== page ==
in fatties we trust

taylor-sea:

The progression of video games in a few decades.

(Source: sonandheirofnothinginparticular, via joshpeck)

Notes
228200
Posted
5 days ago
clavid:

hitmonchan:

Goodnight and by that I mean I will roll around in bed for 2 hours and slowly die

please stay strong. So u are 101.3% pregnant?so what. All that means to me is JEHOVAH has 101.3% a plan for you.  Please keep my very pregnant friend in UR thoughts and prayers everyone

clavid:

hitmonchan:

Goodnight and by that I mean I will roll around in bed for 2 hours and slowly die

please stay strong. So u are 101.3% pregnant?so what. All that means to me is JEHOVAH has 101.3% a plan for you.

Please keep my very pregnant friend in UR thoughts and prayers everyone

(via perks-of-being-chinese)

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15019
Posted
5 days ago

waiting-for-the-tardis:

i feel really bad when unliking posts now

image

(via sniffing)

Notes
53634
Posted
5 days ago

silentauroriamthereal:

nofreedomlove:

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Source

"Image Credit: Carol Rossetti

When Brazilian graphic designer Carol Rossetti began posting colorful illustrations of women and their stories to Facebook, she had no idea how popular they would become. 

Thousands of shares throughout the world later, the appeal of Rosetti’s work is clear. Much like the street art phenomenon Stop Telling Women To Smile, Rossetti’s empowering images are the kind you want to post on every street corner, as both a reminder and affirmation of women’s bodily autonomy. 

"It has always bothered me, the world’s attempts to control women’s bodies, behavior and identities," Rossetti told Mic via email. "It’s a kind of oppression so deeply entangled in our culture that most people don’t even see it’s there, and how cruel it can be."

Rossetti’s illustrations touch upon an impressive range of intersectional topics, including LGBTQ identity, body image, ageism, racism, sexism and ableism. Some characters are based on the experiences of friends or her own life, while others draw inspiration from the stories many women have shared across the Internet.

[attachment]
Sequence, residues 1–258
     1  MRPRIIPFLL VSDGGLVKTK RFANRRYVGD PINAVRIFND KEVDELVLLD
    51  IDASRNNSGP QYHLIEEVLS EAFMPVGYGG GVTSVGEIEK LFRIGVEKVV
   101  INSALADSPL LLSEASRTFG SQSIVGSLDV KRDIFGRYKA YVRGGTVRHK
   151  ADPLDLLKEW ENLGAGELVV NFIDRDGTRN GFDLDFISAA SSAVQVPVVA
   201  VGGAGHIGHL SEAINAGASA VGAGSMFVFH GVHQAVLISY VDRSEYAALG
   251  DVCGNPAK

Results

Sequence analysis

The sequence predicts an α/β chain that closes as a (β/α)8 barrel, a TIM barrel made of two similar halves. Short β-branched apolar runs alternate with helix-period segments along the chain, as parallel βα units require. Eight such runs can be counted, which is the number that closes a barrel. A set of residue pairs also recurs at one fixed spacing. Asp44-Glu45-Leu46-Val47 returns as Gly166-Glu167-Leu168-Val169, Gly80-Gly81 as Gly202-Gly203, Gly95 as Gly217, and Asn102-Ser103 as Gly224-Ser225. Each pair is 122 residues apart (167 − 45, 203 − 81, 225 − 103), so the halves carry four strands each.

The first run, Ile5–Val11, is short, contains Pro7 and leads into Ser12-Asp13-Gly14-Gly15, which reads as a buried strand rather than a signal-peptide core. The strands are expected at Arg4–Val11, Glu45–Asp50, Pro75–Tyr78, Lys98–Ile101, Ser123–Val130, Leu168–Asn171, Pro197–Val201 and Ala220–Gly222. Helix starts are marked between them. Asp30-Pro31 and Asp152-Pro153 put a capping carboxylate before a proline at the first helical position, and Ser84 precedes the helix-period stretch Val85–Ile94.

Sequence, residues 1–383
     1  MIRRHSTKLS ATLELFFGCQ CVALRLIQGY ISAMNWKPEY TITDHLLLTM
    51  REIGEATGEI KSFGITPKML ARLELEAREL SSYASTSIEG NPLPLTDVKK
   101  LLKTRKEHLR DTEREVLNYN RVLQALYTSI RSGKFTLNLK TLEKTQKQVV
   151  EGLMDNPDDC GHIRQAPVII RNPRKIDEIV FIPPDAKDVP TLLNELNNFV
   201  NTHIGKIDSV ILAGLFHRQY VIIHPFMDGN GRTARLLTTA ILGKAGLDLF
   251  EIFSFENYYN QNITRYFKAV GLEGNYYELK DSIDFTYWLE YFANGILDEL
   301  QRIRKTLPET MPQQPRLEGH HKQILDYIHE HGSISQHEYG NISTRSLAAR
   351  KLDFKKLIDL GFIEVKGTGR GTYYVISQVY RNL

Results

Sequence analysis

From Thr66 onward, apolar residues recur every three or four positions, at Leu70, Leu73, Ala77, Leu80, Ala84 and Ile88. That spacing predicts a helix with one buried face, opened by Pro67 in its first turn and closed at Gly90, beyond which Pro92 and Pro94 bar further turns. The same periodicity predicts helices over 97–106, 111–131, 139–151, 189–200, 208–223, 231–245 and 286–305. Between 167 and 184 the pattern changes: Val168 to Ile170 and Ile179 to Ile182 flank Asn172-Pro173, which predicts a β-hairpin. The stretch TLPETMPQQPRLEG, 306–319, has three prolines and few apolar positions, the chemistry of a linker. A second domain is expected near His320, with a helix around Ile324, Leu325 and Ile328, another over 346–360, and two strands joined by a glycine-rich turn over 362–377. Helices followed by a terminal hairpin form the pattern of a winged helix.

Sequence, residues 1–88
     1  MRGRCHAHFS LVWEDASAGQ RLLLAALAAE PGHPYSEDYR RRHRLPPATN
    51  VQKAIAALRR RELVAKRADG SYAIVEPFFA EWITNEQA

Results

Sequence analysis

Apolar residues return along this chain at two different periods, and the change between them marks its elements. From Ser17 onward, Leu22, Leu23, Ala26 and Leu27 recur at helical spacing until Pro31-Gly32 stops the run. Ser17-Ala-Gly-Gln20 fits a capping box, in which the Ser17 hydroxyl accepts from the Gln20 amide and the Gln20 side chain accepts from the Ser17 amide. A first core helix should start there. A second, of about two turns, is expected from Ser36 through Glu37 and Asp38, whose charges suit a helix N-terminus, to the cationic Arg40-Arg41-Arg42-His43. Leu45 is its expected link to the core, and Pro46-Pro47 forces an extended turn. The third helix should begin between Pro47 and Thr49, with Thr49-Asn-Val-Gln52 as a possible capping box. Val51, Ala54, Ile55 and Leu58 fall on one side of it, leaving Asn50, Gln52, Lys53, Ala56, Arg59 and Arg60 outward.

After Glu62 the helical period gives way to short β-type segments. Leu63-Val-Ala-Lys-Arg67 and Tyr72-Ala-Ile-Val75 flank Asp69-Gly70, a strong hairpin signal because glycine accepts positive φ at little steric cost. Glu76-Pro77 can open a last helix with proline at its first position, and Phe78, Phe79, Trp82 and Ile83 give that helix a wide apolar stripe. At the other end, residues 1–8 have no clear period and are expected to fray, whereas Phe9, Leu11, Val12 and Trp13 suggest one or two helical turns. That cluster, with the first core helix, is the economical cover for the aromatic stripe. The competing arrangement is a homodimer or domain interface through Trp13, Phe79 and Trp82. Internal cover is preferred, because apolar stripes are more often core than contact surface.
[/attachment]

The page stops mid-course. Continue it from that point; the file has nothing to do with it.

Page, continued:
"I see those situations I portray every day," she wrote. "I lived some of them myself."

Despite quickly garnering thousands of enthusiastic comments and shares on Facebook, the project started as something personal — so personal, in fact, that Rossetti is still figuring out what to call it. For now, the images reside in albums simply titled “WOMEN in english!" or "Mujeres en español!" which is fitting: Rossetti’s illustrations encompass a vast set of experiences that together create a powerful picture of both women’s identity and oppression.

One of the most interesting aspects of the project is the way it has struck such a global chord. Rossetti originally wrote the text of the illustrations in Portuguese, and then worked with an Australian woman to translate them to English. A group of Israeli feminists also took it upon themselves to create versions of the illustrations in Hebrew. Now, more people have reached out to Rossetti through Facebook and offered to translate her work into even more languages. Next on the docket? Spanish, Russian, German and Lithuanian.

It’s an inspiring show of global solidarity, but the message of Rossetti’s art is clear in any language. Above all, her images celebrate being true to oneself, respecting others and questioning what society tells us is acceptable or beautiful.

"I can’t change the world by myself," Rossetti said. "But I’d love to know that my work made people review their privileges and be more open to understanding and respecting one another."

From the site: All images courtesy Carol Rossetti and used with permission. You can find more illustrations, as well as more languages, on her Facebook page.

Oooh. I reblogged a partial version of this recently but I didn’t know how many more there were! I LOVE these!

(via niallthedinglehopper)

Notes
199546
Posted
5 days ago